Saturday, March 28, 2009

Pasta with Roasted Red Pepper Sauce

If you have not yet met The Pioneer Woman, she is someone I think you really should meet. She is a city girl who feel in love with and married a cowboy. They live together on a ranch in Oklahoma somewhere and along with countless "confessions" of living as a rancher's wife and incredible pictures of cows, horses, and country living, she also cooks up a storm.

This Pasta with Roasted Red Pepper Sauce is her recipe....and it is good. Roasting peppers is not a difficult task and it transforms the taste of a simple red pepper into something amazing. Watch out when you pair this sauce with does something incredible in your mouth--like make it really, really happy. This is a perfect pasta dish for a girlfriend's luncheon or an incredible side dish for dinner when paired with a simple salad and a steak.


3 red bell peppers
1/2 cup pine nuts, divided
1/2 medium onion, finely diced
3 cloves garlic, minced
1/2 cup half and half
1/4 cup parsley, finely minced
1/2 cup fresh Parmesan cheese shaved or grated
1 pound pasta (orecchiette, penne, fusilli, or other medium-size pasta


1. Bring water to boil in medium size pot. Cook pasta according to package directions. Drain and set aside.

2. Place red peppers on grill pan and place on upper-middle rack in oven set to broil. Use tongs and rotate peppers 1/4 turn every 5-7 minutes. Look at how black your peppers are after the first 5-7 minute interval and adjust each subsequent time period accordingly. You want them blackened before rotating them.

This is my first 5 minute interval. They are not quite ready and could use 2 more minutes before being rotated.

This is after a second needs another minute or two before rotating....

Looking good...time to turn for the final time....

2. Remove red peppers from the oven and immediately place in a Ziploc bag to allow to sweat for 10 minutes.

3. While peppers are sweating, lightly toast pine nuts in medium-size skillet set over medium heat, about 5-7 minutes.. I used too small of a skillet and the pine nuts are too close in my opinion, but toasted fine. Watch carefully and stir frequently so they do not burn. Remove from heat. Transfer into bowl and set aside.

4. Remove red peppers from Ziploc baggie and peel the outer charred skins and remove inner seeds from each red pepper.

5. Transfer 1/4 cup pine nuts and red peppers to mixing bowl of food processor and give 5-8 long pulses. Mixture will not be completely smooth, but should be as smooth as you can get it to become.

6. Heat medium-size saute pan or pot over medium heat and add olive oil when hot. Add diced onions and garlic and cook until soft, about 5 minutes.

7. Add red pepper-pine nut puree to saute pan and mix thoroughly.

8. Pour in cream and stir to combine. Taste and add up to 1 teaspoon more salt if necessary.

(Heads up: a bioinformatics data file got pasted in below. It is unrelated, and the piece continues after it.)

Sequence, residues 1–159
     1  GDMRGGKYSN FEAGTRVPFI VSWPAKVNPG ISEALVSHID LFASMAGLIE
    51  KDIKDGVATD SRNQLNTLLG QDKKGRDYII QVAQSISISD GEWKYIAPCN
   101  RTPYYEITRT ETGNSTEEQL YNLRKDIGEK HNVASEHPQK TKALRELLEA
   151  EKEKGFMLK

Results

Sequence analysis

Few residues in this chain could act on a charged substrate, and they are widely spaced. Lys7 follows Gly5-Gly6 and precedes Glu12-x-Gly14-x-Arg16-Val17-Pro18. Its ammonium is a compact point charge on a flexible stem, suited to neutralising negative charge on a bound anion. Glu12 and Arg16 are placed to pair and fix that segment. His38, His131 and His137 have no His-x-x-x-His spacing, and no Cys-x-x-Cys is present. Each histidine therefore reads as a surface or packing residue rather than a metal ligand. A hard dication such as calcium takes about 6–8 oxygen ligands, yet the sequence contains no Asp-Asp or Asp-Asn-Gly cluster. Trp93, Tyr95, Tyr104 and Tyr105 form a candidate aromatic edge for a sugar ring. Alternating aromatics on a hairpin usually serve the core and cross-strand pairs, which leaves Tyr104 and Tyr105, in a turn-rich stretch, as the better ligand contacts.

9. Add cooked pasta and parsley. Mix thoroughly.

10 . Place pasta into a bowl, top with Parmesan cheese, remaining toasted pine nuts, and additional parsley to garnish. Then give thanks for Italy. Repeat as necessary. I couldn't even wait to take a bite.

Yields 8 servings; Amount per serving: Calories 272; Total Fat 9.6g; Saturated Fat 2.8g; Cholesterol 52mg; Sodium 556mg; Total Carbohydrates 36.3g; Dietary Fiber 1.3g; Sugars 2.4g; Protein 10.5g; Vitamin A 33%; Vitamin C 100%; Calcium 10%; Iron 14

Recipe from The Pioneer Woman; Modifications mine.

For picky eaters, sauce can be a difficult thing. I started giving LG, my picky eater, plain noodles long ago instead of noodles with sauce. If your picky eater is at this place, simply pull out about one cup of cooked noodles in step one and call it a day, but remember, that is just a starting place.

The overall goal is for our picky eaters to eat the exact same meal as everyone else in the family. To do that, let's take it one step at a time. If step 1 is plain noodles, then step 2 is beginning to add some sauce, but definitely not as much as the recipe suggests. To do this, remove one cup of plain cooked noodles during the cooking process and set aside. After the original recipe is completed, take out a small quantity of noodles with sauce and mix that with the one cup plain noodles you set aside. By small amount, I mean at most 2 tablespoons. That quantity would be enough to give the plain noodles a tiny bit more color and a slight taste of the sauce, but it should not be too overpowering in taste, texture, color, or appearance.

Step 3, the place where LG is now, is to gradually increase the ratio of noodles with sauce to noodles without sauce. The idea is to get it closer and closer to the original recipe. Instead of 1 cup plain noodles to 2 T saucy noodles, use 1 cup plain to 3 T saucy. Then 1 cup plain to 1/4 cup saucy. Then 1 cup to 1/3 cup or 1/2 cup. The process that I am speaking of would occur over a prolonged period of time, even a span lasting 6-12 months.

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